St. Paul’s Cathedral, located in the heart of downtown Birmingham, called on ArchitectureWorks to renovate an existing 1920’s school building adjacent to the cathedral as well as re-envision the space which connects the Cathedral, the Parrish Offices, the School and the Rectory. The space between the buildings, existing as a parking lot, was re-envisioned as a courtyard that would provide an outdoor connection for the campus. A portion of this outdoor space was lowered to meet at grade with the first level of the school building creating an outdoor gathering and overflow space for the large banquet room.
The interior of the existing school building was fully renovated. An elevator and exit stairs were added to bring the building up to code. In addition all classrooms, offices, kitchen and restrooms were fully renovated. New heating and air were also integrated with the spaces of the existing building. A new bell tower anchors the renovated school building and provides a focal point for the interior of the campus. The materials, detailing, and scale are intended to blend seamlessly with the aesthetic of the existing structures. A new porch and colonnade link the interior great hall with the courtyard. This new central courtyard serves as the heart of the campus while the renovation of the school building gives a new life to an historic building.
After over 120 + years of inspiring service to the Birmingham region, the Cathedral of Saint Paul required extensive restoration in order to prepare for the next 100 years. ArchitectureWorks assembled a team of experts in preservation technology to detail all aspects of the repair, replacement, and remediation work in a manner consistent with the historic quality of the building. Details were carefully considered to provide the greatest potential for the Cathedral’s continued life as important landmark in the Diocese of Birmingham in Alabama. The new polychrome slate roof was sourced from North American quarries in Canada and in the New York and Vermont slate valley. All of the copper flashings were replaced and many areas reconstructed in new metal where roof to wall flashing intersections had failed. The masonry restoration included a complete hand removal of the existing mortar and replacement mortar compatible with the historic brick. In order to better preserve the wood trim on the building, the dormer and cornice elements were clad in copper and vented to provide reduced maintenance. New drainage piping, as well as hardscape and landscaping, was installed in the courtyard between the Cathedral and the Rectory.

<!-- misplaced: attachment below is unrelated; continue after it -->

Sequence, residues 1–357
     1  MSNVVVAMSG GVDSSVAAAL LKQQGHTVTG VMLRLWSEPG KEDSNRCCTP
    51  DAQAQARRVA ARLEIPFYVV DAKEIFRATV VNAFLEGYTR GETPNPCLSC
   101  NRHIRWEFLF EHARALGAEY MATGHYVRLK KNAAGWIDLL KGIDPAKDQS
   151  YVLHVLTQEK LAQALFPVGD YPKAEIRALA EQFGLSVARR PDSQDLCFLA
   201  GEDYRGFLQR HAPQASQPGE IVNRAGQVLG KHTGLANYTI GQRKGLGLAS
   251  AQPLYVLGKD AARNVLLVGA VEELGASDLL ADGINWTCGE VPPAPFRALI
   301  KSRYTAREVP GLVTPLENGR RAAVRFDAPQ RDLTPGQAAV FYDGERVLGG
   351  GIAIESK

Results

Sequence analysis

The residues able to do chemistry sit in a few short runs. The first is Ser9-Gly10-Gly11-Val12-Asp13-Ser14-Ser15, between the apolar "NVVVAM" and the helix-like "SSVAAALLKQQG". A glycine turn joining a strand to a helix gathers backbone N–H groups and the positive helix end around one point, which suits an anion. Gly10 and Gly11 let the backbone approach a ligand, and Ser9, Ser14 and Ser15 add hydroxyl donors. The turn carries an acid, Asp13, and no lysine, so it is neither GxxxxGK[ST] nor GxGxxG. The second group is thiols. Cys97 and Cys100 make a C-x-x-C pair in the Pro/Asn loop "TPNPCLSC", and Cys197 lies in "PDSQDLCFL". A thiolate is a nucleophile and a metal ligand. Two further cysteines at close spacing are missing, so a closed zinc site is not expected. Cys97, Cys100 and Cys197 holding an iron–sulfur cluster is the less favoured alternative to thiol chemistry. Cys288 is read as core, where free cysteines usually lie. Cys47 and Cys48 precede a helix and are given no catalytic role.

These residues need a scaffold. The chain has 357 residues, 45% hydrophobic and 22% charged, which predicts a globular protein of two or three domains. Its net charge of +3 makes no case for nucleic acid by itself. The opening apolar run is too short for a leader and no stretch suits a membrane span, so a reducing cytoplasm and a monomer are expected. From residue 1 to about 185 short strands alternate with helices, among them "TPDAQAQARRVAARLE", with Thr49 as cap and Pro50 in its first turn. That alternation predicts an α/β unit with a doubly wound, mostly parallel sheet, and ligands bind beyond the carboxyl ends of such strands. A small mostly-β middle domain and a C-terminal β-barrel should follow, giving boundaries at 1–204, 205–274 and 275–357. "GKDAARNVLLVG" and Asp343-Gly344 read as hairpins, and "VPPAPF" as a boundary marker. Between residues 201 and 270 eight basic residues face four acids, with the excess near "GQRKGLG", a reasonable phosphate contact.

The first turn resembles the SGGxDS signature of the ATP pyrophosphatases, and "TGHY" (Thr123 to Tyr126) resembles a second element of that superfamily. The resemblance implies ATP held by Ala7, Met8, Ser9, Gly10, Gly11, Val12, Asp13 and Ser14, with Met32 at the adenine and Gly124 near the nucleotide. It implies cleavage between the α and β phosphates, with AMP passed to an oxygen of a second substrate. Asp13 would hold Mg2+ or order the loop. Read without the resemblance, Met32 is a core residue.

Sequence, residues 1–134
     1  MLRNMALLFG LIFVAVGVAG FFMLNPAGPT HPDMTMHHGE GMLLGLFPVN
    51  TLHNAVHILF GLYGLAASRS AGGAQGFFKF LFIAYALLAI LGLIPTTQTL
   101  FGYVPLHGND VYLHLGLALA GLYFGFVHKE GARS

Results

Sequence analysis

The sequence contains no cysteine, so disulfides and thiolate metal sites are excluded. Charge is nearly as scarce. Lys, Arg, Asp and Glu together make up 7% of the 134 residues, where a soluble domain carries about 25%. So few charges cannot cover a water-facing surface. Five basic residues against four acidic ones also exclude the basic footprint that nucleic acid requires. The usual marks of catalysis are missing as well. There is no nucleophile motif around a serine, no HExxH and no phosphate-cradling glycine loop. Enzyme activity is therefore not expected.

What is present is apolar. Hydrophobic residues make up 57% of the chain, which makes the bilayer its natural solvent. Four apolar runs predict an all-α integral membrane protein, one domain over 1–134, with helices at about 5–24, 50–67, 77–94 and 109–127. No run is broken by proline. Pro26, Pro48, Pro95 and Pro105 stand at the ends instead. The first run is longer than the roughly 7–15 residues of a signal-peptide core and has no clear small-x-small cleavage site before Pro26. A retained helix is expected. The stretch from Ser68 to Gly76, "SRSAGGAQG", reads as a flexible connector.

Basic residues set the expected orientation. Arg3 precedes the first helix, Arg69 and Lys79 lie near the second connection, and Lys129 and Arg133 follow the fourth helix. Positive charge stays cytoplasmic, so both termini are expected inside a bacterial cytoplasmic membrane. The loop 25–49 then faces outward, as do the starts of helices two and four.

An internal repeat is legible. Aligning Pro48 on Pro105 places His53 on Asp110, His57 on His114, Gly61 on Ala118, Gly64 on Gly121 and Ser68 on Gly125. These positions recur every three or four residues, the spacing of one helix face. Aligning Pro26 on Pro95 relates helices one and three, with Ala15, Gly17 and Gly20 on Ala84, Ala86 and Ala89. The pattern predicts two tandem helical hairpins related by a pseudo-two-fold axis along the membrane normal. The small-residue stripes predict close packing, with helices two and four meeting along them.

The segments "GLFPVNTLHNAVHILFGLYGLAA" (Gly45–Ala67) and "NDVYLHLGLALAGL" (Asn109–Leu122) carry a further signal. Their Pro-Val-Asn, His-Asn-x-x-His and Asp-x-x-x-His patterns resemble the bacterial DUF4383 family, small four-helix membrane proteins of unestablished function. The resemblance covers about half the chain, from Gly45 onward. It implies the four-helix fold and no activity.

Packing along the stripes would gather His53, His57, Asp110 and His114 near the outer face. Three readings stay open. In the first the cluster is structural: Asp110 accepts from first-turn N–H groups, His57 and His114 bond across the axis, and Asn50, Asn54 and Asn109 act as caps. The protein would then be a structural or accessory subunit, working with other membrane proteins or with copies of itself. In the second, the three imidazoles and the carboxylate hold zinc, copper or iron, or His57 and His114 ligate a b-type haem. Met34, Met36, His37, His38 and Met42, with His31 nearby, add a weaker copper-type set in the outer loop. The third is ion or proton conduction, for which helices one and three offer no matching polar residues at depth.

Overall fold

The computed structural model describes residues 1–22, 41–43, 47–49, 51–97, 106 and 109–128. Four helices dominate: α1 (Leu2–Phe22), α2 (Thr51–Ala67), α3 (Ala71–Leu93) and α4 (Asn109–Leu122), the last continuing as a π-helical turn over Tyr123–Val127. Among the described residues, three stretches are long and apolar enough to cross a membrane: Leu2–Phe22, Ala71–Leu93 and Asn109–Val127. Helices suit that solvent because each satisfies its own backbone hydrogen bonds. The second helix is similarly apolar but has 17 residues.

After re-leading in the early 1990’s, the largest nave windows were covered in protective glazing to better preserve the stained glass and extend the length of time before repainting. Continuing on that effort, new protective glazing was installed over the dormer windows and other windows around the front façade. The crowning elements of the Cathedral roof are the twenty-nine finials adorning each tower and many of the front gables. After 120 years of exposure, the copper skin was in poor condition and the connecting fasteners were failing. The finials were replaced in entirety in new copper with stainless steel supports.